French politician Dominique Strauss-Kahn has spoken publicly for the first time about attempted rape charges he faced in the United States.
The sexual encounter four months ago in a New York hotel room with a maid was a "moral failing on my part" but was not sexual abuse, he said in a live prime-time television interview.
He said he had not finished regretting what had occurred between him and the chamber maid in his hotel but took the opportunity to repeatedly call her a liar, Al Jazeera reports.
"There were no injuries, no sign of violence, not a scratch" he said on TF1.
The former International Monetary Fund head spent two weeks with advisers and lawyers planning the interview, billed as "the moment of truth" by a former lieutenant, and Socialist deputy, Jean Marie Le Guen, BBC reports.
The interview follows the first televised debate on Thursday of the main Socialist candidates, who are now running for the presidency in his place.
There have been bids from every major broadcaster in the world but decided upon a person his loyal wife, Anne Sinclair, was friends with, Claire Chazal, at TF1.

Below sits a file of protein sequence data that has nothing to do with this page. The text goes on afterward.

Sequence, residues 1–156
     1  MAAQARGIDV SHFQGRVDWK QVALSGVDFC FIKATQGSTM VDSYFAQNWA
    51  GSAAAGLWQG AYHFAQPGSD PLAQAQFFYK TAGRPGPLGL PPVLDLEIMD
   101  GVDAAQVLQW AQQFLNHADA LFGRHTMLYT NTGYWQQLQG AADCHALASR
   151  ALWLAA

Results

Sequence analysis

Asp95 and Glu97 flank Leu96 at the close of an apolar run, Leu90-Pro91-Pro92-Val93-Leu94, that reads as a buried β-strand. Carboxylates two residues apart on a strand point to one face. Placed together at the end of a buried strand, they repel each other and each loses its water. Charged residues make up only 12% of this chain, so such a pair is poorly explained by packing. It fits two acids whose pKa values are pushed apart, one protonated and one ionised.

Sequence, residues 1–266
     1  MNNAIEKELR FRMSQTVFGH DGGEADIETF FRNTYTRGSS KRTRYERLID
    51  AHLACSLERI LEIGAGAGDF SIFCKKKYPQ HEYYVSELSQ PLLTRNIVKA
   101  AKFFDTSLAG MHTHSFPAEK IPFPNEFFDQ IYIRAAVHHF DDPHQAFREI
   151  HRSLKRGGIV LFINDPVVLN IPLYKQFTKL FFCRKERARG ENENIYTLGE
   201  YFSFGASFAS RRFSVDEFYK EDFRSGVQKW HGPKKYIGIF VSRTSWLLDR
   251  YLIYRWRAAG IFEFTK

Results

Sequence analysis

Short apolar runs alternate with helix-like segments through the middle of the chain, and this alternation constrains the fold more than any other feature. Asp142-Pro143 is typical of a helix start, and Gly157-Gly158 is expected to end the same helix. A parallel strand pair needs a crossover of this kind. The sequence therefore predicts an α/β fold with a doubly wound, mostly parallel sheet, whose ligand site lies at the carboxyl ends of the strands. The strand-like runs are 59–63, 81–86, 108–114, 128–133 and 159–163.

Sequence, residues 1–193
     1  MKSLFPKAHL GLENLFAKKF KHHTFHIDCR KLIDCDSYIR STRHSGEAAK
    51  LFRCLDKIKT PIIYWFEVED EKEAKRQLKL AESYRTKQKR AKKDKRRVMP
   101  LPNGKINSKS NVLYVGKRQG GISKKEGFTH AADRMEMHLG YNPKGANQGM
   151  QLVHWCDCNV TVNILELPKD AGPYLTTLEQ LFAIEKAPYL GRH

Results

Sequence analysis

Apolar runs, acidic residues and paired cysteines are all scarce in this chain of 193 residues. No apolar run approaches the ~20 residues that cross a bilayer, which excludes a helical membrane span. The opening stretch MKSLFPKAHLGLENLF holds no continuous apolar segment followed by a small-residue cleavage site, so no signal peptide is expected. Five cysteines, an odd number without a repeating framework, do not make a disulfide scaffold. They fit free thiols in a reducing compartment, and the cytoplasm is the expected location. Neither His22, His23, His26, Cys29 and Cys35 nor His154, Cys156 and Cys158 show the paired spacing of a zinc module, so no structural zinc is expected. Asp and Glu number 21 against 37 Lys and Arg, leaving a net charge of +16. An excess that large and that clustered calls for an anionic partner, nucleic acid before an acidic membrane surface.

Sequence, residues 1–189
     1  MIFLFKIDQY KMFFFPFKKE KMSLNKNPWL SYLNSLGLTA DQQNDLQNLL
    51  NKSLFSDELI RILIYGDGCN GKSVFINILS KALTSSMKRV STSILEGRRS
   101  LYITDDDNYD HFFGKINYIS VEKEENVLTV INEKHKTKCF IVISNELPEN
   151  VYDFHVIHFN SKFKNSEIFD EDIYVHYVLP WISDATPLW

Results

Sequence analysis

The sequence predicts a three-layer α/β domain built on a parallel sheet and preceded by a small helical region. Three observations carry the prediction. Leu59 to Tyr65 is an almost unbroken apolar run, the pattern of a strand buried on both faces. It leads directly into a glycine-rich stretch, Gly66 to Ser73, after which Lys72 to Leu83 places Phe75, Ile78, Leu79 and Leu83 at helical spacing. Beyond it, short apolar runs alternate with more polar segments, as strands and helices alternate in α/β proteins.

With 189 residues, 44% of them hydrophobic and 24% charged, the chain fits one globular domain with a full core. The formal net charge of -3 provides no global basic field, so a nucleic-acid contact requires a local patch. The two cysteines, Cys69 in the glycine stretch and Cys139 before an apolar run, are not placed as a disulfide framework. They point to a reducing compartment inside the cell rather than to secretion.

He arrived for the interview through the back entrance of the building, avoiding the small group of protesters who chanted "DSK shame on you" and "TF1 accomplice".
And if the interview was carefully scripted or choreographed - his critics believe it was - there was never any doubt what the main question would be. What really happened in that hotel room?
He must have pondered the answer for weeks. The sexual encounter was a "moral failing on my part" he explained. But "it was not sexual abuse. There were no injuries, no sign of violence, not a scratch".
"You can read it here," he said, waving the prosecutors report.
He was critical of the U.S. justice system, in particular the "perp walk".
Before the interview, a poll published by Le Journal du Dimanche suggested that 53% of French people had wanted him to retire from politics.
Before May, Dominique Strauss was a very strong candidate for the presidency.
He said his May 14 sexual encounter with Nafissatou Diallo, an African immigrant who claimed that he attacked her when she entered his room in Manhattan's Sofitel hotel to clean it, "did not involve violence, constraint or aggression", the Press Association reports.
However, he acknowledged, it "was a moral failing and I am not proud of it. I regret it infinitely. I have regretted it every day for the past four months and I think I'm not done regretting it" AP reports.